Abandoning the Pack Rat Creed

My friend Kathy Berken wrote a book several years ago about her experiences living in a L’Arche community in Clinton, Iowa. Titled Walking on a Rolling Deck: Life on the Ark, it is a worthwhile read for many reasons and her openness in describing her own growth through some extraordinarily difficult experiences is inspiring as well as instructive.

One of the the episodes she related was not at all unique to L’Arche community living and it involves a subject I suspect many of us can relate to.

Talking about one of the residents in the house, she described his tendency to take things home and stash them “in his sacred drawer alongside all the other crap he brings home.” It was her further description that I resonated with:

It’s a Junk Drawer. Pack Rats like us grew up with the family Junk Drawer. The Pack Rat Creed is: “Don’t throw that away because you never know when you might need it. The day you throw it out, that’s when you will need it.”

Sigh. How familiar I am with the Pack Rat Creed…and I have more than one “junk drawer.” Despite the fact that I don’t buy a whole lot of anything other than books, I seem to accumulate a lot of stuff.

I do throw away a lot of things. But it takes conscious effort to overcome the “you never know when you might need it.” (It is amazing how many possibilities the mind can come up with for potential uses for something that hasn’t been used for at least several years.)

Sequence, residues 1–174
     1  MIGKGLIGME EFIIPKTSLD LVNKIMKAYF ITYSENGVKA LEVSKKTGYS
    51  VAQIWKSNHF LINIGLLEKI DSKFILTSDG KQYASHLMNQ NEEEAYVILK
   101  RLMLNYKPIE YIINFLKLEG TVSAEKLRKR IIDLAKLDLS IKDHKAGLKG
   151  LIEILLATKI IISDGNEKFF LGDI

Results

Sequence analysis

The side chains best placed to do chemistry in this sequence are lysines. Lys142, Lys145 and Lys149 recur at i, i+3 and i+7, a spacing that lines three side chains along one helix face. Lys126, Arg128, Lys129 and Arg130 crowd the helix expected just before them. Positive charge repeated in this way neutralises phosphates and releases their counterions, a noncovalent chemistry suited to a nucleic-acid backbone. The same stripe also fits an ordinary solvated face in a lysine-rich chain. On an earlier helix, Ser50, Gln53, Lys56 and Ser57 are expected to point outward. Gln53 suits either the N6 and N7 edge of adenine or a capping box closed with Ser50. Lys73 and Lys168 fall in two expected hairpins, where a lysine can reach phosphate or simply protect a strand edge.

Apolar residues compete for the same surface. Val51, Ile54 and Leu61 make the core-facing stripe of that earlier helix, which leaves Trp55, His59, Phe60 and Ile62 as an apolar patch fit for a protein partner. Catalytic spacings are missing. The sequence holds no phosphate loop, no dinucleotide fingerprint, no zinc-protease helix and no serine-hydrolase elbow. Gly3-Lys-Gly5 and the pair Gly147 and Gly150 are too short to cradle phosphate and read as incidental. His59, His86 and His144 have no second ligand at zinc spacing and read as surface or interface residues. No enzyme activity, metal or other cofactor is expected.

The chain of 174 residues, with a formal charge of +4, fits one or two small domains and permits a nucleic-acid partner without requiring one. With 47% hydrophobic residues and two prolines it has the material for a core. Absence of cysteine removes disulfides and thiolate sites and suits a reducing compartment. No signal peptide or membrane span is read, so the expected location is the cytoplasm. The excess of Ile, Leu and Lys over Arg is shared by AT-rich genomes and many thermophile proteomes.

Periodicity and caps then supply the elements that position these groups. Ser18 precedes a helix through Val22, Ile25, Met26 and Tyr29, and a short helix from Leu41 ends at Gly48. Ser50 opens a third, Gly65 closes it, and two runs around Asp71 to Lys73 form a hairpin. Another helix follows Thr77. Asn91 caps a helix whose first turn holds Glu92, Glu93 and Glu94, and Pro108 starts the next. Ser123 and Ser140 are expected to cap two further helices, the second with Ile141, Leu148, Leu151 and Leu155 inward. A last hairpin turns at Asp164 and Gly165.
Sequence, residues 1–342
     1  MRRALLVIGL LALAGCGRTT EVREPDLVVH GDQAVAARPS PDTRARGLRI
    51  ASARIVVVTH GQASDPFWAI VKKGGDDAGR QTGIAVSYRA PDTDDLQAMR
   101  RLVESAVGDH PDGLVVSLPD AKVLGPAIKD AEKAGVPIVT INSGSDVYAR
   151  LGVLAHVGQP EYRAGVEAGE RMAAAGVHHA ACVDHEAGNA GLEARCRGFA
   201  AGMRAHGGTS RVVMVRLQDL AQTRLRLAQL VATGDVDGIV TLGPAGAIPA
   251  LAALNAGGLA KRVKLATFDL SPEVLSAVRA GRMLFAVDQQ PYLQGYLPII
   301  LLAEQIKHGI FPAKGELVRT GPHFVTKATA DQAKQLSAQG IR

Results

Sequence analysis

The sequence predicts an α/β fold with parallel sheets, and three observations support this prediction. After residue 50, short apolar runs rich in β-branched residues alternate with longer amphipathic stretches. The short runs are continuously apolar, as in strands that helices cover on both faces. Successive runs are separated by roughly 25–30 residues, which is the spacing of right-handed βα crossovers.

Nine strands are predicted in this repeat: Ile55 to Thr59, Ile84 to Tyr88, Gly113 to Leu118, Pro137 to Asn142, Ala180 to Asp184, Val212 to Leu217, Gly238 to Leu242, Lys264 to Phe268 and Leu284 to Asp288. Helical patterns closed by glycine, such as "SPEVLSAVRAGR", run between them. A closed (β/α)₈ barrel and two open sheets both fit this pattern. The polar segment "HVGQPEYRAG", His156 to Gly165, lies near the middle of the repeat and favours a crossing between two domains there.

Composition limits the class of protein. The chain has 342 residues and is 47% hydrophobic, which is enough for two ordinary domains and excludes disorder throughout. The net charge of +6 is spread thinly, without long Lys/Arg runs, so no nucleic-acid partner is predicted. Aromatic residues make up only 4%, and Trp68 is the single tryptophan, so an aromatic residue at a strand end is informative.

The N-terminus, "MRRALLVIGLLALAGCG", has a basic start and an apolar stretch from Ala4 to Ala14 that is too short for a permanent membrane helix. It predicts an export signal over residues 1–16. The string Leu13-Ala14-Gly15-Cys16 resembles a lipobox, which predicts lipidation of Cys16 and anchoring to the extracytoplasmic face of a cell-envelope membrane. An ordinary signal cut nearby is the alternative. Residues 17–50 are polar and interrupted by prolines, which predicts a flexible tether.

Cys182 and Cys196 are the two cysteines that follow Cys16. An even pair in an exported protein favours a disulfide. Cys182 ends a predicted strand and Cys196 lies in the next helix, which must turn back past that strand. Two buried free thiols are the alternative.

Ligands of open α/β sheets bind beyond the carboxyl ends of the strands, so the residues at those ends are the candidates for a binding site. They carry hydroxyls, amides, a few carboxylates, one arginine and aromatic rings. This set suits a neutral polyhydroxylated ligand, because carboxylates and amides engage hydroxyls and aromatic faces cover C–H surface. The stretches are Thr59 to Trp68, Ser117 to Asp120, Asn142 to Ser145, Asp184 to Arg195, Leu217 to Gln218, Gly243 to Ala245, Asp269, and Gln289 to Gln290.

I do think the conscious effort is worth it. I always feel better after I’ve trucked several big bags of things off to Goodwill or otherwise donated them. But there is always more, and I know I need to commit more firmly to abandoning the Pack Rat Creed.


Shedding Possessions

A couple of weeks ago, my friend George brought a website to my attention, Accompl.sh, a site that allows one to set personal goals and track the progress toward those goals. The site also has challenges that one can enter with other members of the site.

One of the challenges that caught my eye immediately was “Shed 100 possessions.” As my husband can attest, I periodically look around the house and get crazy at all that we have. “We have too many things,” I cry out. This is usually followed by my walking around the house stuffing things in a paper bag to get rid of. Loving the idea of encouragement to get rid of more, I entered the challenge and am working my way toward reaching 100.

I don’t always easily find the words to explain this impetus to my husband. But, I know it is a good one. In a wonderful coincidence of timing, shortly after I began the “Shed 100 possessions” challenge, I came across this excerpt from Richard Rohr’s Falling Upward: A Spirituality for the Two Halves of Life. I think it does a great job of explaining why the impetus is positive. Rohr writes:

Living in the second half of life, I no longer have to prove that I or my group is the best, that my ethnicity is superior, that my religion is the only one that God loves, or that my role and place in society deserve superior treatment. I am not preoccupied with collecting more goods and services; quite simply, my desire and effort—every day—is to pay back, to give back to the world a bit of what I have received. I now realize that I have been gratuitously given to–from the universe, from society, and from God. I try now, as Elizabeth Seton said, “to live simply so that others can simply live.”